OBJECTIVE. We sought to examine the association between weight status in early childhood and onset of puberty. PATIENTS AND METHODS. The study included 354 girls from the National Institute of Child Health and Human Development Study of Early Child Care and Youth Development. Girls were followed longitudinally with height and weight measurements at 36 and 54 months and grades 1, 4, 5, and 6 and with assessment of pubertal stage by physical examination and maternal report in grades 4 through 6. The main outcome was the presence of early puberty, indexed as follows: (a) breast development at or more than Tanner stage 2 by physical examination at grade 4; (b) breast development at or more than Tanner stage 3 by physical examination at grade 5; (c) maternal report of breast development at or more than Tanner stage 3 at grade 5; and (d) maternal report of menarche having already occurred (yes versus no) at grade 6. Multiple logistic regression models predicting early versus late puberty were constructed by using the covariate BMI z score at 36 months, rate of change of BMI and accelerated BMI between 36 months and grade 1, race, maternal education, and maternal age of menarche. RESULTS. BMI z score at 36 months, rate of change of BMI between 36 months and grade 1, an earlier age of maternal menarche, and nonwhite race were each consistently and positively associated with an earlier onset of puberty across the various measures of puberty. CONCLUSIONS. Higher BMI z score in girls as young as 36 months of age and higher rate of change of BMI between 36 months old and grade 1, a period well before the onset of puberty, are associated with earlier puberty, which suggests that increasing rates of obesity in the United States may result in an earlier average age of onset of puberty for US girls.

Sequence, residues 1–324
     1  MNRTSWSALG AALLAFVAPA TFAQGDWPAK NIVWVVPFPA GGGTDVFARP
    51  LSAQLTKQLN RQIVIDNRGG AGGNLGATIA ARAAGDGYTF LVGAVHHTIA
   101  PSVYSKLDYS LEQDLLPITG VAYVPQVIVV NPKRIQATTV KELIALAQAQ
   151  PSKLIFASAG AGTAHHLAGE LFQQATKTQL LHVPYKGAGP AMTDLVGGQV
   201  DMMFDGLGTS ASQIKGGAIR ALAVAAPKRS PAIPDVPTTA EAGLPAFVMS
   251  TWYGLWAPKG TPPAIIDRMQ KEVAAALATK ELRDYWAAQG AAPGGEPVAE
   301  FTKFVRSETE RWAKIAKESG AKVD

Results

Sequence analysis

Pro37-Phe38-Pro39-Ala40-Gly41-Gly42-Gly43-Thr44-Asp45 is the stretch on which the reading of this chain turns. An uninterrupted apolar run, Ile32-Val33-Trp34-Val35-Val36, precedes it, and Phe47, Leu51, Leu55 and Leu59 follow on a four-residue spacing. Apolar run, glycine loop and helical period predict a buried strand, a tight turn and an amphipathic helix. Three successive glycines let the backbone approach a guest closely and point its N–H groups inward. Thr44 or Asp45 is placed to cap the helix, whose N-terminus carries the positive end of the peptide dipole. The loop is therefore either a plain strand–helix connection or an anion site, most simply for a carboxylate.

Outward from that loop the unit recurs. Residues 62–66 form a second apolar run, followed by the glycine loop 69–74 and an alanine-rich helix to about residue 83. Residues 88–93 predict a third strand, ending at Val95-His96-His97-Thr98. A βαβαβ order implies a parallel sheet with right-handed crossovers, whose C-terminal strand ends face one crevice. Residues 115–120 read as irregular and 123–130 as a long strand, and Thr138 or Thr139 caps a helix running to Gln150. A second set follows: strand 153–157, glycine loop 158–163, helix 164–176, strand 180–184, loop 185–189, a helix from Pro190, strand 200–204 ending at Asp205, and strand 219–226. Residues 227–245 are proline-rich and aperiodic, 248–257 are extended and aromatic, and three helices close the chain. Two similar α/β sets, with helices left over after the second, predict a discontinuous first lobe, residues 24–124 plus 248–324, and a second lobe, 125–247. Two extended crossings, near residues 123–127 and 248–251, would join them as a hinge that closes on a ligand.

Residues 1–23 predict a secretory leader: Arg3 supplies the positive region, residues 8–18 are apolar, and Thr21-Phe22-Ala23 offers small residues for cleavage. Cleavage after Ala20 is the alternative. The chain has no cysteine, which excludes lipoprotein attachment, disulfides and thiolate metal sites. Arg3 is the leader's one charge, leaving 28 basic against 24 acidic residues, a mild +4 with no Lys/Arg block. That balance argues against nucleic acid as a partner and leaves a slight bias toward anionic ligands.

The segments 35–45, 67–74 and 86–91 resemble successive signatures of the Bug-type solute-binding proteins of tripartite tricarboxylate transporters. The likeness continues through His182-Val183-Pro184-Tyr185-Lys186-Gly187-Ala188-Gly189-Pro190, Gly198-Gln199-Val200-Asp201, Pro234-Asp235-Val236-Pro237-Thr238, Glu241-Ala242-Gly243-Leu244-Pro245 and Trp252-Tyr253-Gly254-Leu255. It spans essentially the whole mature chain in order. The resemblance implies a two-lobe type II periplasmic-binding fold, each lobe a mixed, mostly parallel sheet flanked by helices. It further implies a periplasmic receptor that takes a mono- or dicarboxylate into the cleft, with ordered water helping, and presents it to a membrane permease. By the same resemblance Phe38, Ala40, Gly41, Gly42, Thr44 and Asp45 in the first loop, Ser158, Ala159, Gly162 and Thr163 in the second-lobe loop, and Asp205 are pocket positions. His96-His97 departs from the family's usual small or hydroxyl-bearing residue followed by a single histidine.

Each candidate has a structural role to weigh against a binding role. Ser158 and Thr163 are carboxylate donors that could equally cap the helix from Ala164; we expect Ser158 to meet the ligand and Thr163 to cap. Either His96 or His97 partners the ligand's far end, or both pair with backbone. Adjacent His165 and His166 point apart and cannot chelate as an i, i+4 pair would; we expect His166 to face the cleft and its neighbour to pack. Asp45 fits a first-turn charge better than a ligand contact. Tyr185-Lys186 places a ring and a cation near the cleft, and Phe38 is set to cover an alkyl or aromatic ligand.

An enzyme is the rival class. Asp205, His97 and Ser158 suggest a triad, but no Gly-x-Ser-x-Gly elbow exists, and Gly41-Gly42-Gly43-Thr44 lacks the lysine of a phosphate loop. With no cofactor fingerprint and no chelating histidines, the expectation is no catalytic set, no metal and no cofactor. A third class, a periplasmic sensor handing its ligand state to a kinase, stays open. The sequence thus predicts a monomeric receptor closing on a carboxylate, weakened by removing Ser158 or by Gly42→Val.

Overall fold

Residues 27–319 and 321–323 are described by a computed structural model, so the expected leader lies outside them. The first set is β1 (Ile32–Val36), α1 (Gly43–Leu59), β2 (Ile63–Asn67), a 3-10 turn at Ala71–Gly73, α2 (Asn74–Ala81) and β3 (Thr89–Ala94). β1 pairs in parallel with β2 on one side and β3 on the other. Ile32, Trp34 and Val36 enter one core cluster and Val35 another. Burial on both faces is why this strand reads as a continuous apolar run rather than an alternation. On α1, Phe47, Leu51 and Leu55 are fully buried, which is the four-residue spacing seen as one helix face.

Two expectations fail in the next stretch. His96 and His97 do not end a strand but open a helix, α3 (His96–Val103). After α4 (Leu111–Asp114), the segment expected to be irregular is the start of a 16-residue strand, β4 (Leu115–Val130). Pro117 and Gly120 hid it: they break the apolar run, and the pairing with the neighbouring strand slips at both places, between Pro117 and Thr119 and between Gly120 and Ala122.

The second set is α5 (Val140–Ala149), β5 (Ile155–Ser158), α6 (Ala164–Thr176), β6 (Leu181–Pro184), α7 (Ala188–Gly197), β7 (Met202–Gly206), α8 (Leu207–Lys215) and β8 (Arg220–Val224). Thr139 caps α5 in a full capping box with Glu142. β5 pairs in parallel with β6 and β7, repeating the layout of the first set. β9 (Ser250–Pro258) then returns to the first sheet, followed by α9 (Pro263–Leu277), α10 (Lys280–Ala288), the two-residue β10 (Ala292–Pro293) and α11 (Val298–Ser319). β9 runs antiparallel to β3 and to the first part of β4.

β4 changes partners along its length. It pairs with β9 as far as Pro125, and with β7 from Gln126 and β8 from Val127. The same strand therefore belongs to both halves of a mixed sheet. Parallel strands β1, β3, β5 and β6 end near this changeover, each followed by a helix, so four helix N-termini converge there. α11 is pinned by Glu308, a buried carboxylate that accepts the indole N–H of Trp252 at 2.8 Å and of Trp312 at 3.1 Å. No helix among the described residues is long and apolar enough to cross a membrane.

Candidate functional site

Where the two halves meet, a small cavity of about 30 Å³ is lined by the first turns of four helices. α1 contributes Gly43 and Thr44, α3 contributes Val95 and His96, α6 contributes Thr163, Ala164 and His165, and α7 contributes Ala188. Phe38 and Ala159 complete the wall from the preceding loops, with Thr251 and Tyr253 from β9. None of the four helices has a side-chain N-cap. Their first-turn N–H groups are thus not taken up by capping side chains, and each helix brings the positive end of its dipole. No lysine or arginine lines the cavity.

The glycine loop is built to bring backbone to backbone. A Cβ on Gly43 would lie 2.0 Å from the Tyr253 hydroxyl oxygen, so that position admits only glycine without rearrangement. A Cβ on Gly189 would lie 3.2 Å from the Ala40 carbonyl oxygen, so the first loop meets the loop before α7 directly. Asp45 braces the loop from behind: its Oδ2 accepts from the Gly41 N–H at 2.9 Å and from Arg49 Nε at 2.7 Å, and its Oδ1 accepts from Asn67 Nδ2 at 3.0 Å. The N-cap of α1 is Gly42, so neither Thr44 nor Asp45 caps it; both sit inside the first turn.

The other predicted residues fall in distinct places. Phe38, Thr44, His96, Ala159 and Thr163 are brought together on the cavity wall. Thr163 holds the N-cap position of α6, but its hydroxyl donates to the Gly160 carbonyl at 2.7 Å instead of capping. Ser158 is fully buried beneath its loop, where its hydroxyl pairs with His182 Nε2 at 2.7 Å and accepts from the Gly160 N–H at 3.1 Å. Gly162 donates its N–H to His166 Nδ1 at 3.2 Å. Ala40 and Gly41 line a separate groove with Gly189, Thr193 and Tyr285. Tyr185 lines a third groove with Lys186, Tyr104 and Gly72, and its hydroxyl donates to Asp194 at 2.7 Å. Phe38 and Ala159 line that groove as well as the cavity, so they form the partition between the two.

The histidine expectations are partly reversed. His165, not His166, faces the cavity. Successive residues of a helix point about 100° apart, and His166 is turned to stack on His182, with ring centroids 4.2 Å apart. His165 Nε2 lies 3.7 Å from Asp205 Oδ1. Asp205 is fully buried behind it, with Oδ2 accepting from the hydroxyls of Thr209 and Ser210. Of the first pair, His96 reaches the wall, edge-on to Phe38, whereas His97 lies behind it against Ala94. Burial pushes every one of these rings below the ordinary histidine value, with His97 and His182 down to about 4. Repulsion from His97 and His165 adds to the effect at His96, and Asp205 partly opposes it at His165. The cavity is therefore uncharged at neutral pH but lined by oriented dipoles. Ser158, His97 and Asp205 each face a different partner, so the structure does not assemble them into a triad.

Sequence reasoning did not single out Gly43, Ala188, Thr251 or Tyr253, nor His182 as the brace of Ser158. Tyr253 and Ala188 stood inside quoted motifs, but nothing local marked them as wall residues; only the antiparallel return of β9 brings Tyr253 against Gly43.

- Body weight
- Sexual maturation
ASJC Scopus subject areas
- Pediatrics, Perinatology, and Child Health